Wednesday, September 9, 2009

Toddler Temper Tantrums

I get asked this question all of the time, what do I do about toddler temper tantrums? One thing to be sure of, these tantrum usually pass with age. I say usually because they will not go away if they are rewarded. The first thing about a temper tantrum is to understand the root cause, it is generally not caused by the obvious trigger. Children are generally not throwing a temper tantrum because they are truly sad or angry they are not getting their way. Usually he or she is tired, hungry, overstimulated, bored, or any other host of reasons that cause this behavior. However, and this is important, just because the underlying reason is primarily not the child's fault, you still can never give in. If you are at home the best solution is to, in a gentle voice, tell your child "I understand that you are unhappy, but I will talk to you about this when you have calmed down." And then walk away and ignore the tantrum. Of course make sure the area is clear of hazards if your child is a flailing sort of tantrummer. When he or she calms down, return and say "Thank you for calming down, now we can talk." And discuss your reasons. Even a very young child can be reasoned with, or at the very least understand a gentle voice. Sometimes explaining a reason causes the tantrum to begin again, in which case you repeat the process. Then, as soon as you can, try to relieve the root cause of the problem, a nap or bed, a snack or meal, some quiet time or rocking, an activity to occupy, etc.

You should try to avoid making going to bed, even if the child is tired, seem like a punishment for a tantrum. This is sometimes difficult, especially when you know that is what is really needed. In this case, try to follow the tantrum with a linking activity to sleep like rocking or reading a bedtime story. If sleep is made to seem like a punishment for a behavior, regular naps and bedtimes may become difficult.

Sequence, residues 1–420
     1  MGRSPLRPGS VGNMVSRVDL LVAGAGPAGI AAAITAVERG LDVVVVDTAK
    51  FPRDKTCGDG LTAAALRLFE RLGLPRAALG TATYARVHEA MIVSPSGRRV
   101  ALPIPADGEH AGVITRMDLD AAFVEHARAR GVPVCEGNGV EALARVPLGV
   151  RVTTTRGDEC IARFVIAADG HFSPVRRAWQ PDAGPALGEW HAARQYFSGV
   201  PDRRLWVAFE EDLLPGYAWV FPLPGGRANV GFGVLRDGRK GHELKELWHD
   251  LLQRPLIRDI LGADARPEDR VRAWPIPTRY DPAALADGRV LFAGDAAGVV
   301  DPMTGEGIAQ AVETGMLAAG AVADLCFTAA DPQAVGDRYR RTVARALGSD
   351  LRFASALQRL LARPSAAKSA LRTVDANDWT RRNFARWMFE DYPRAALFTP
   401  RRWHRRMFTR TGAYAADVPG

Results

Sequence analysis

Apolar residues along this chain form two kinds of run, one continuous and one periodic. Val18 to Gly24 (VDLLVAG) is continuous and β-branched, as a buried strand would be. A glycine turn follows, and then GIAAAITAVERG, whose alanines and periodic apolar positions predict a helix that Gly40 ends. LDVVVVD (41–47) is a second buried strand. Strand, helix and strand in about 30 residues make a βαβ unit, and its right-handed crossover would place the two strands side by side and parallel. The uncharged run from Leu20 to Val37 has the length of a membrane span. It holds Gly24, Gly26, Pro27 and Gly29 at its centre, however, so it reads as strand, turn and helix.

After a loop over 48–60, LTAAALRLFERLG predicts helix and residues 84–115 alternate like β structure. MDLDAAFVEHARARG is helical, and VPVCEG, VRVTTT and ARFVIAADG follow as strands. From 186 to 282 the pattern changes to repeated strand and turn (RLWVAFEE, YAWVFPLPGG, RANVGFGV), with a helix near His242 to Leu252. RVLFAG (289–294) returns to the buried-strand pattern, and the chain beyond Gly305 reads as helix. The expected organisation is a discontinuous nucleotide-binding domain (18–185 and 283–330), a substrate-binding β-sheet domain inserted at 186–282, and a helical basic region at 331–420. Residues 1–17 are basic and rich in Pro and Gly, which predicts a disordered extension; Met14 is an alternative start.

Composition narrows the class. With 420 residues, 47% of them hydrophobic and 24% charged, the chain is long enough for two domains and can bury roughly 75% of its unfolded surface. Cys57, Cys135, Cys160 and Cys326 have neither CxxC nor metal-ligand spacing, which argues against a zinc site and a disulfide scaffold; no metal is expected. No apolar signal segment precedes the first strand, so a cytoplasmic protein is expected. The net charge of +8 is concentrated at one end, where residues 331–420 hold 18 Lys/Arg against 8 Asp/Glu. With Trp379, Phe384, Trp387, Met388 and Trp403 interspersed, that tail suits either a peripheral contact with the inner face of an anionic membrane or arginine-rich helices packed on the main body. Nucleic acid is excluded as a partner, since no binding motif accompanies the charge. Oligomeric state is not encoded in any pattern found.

For public temper tantrum, which are of course much more embarrassing for the parents, try to remove the child from the situation as quickly as you can. Going back to the car, a restroom, a quiet area away from people all work. Then, follow the same protocol as when home. Decide if they should return to the activity, or if he or she really just needs to go home. Even if something wonderful is to be missed, sometimes this is the best option.

The main keys to are to avoid giving the tantrum attention and to at all costs not ever give the child what they are throwing the tantrum for. The biggest mistake I see parents make is to give the child what they want after calming down. So, in the child's mind "I throw a tantrum, I calm down, I get what I want." It is actually a very logical progression on their part. Once the child sees that the tantrums do not work and have the verbage and ability to control their emotions, the tantrums will end. Light at the end of the toddler tunnel.


  1. Thanks for the wonderful words. I distinctly remember my son laying in the middle of the mall, face down, screaming his head off. My Mom sat on the bench across from him, and I literally walked away. She said "Don't you worry about anyone taking him"? To which I replied, "You are right there with him, and I don't think anyone would want him at this point". When I picked him up to move him to a quiet location, he could be heard screaming at the top of his lungs "MOMMY.... DON'T BEAT ME.... DON'T BEAT ME MOMMY"!! It was the funniest, most embarrassing moment ever.

  2. Oh no! My two really memorable ones were when she did it in the checkout line at a grocery store when we had a cartful of stuff that we really needed. She also had a huge one at the zoo so I sat her on a bench and I went and sat on the bench behind her until she stopped crying. I could see her totally, but everyone kept stopping by to check on her and I would say I'm right here and then they would in turn shoot me dirty looks for letting my child cry (accept the other mothers, I got been there sympathy looks from them). Love the embarrassment having a child sometimes causes!

  3. very wise Tammy. great to see you last week. Laura

  4. Tammy, you have hit the nail on the head. Great advice! This is a great foundation to preventing Toddler Temper Tantrums.

  5. If you don't know how to deal with your toddlers tantrums, Tantrum Toddlers Researcher can help you...